This Indian Country: A Conversation

A conversation between Fred Hoxie '69 and Kiara Vigil, assistant professor of American Studies at Amherst.

About the Author: Fred Hoxie '69



I don’t think of this as a simple story and I don’t think it has a simple conclusion...For a long time I have been interested in the connection between traditional major subjects in American history and Native American subjects.




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Audio icon FinalInterview.mp315.73 MB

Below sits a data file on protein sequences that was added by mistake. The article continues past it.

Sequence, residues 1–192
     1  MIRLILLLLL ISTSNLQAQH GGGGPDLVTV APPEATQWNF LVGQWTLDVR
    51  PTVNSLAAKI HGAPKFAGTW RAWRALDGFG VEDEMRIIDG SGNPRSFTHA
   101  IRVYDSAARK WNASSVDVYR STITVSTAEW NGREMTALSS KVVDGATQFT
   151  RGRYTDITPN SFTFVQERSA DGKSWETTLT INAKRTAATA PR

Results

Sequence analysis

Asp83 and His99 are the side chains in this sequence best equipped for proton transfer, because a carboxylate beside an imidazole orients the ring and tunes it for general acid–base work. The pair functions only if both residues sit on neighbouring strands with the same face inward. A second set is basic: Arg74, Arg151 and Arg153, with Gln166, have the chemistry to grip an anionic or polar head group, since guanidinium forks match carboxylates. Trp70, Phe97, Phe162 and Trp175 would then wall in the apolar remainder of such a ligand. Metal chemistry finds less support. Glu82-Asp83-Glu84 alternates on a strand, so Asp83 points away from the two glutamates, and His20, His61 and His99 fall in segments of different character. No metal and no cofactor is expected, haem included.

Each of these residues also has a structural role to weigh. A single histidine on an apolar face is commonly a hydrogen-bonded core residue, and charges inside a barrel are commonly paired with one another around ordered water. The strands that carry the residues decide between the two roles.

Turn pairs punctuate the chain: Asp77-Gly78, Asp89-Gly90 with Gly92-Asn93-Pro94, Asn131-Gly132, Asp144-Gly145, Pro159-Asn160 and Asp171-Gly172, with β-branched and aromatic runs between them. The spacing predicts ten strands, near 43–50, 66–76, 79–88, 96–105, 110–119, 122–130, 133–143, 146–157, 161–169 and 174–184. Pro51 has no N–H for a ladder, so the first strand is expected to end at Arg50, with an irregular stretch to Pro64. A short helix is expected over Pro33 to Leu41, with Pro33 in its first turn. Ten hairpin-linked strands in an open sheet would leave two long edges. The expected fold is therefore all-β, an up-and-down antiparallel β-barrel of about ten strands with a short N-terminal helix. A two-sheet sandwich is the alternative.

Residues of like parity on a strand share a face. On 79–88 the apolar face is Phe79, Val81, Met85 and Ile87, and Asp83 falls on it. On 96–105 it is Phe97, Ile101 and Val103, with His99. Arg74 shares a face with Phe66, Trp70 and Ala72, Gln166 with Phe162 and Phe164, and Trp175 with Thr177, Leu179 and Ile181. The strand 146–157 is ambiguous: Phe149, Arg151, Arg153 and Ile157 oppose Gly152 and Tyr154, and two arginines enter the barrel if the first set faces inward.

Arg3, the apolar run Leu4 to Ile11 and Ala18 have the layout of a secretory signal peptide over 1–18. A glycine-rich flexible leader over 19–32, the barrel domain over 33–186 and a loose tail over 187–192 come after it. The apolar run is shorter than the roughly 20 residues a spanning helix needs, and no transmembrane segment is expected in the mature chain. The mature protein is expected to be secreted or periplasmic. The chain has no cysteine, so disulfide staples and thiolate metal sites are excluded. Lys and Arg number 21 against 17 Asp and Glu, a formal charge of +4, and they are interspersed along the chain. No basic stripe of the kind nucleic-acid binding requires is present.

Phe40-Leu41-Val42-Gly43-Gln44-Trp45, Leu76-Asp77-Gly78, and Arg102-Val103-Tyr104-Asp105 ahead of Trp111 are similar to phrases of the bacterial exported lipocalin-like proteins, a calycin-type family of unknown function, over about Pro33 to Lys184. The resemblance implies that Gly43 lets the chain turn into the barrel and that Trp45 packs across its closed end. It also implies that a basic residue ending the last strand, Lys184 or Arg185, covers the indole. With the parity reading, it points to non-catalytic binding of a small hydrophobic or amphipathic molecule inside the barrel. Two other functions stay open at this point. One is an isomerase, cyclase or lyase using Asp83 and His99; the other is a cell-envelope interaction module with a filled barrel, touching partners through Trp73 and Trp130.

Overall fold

[interviewer] Kiara Vigil is an assistant professor of American Studies at Amherst. Her research interests center on a history of representations of and by Native peoples from the Americas,  in particular concern the turn of the twentieth century moment. Vigil’s current book project, "Stories in Red and Write: Indian Intellectuals and the American Imagination, 1880-1930," examines the cultural production of four prominent Indian intellectuals: Charles Eastman, Carlos Montezuma, Gertrude Bonnin, and Luther Standing Bear within the shifting social and political milieu of the early twentieth century. Using collective cultural biography as my analytical framework,  she argues that these figures were integral to the shaping of debates concerning citizenship and race within American society during the early twentieth century.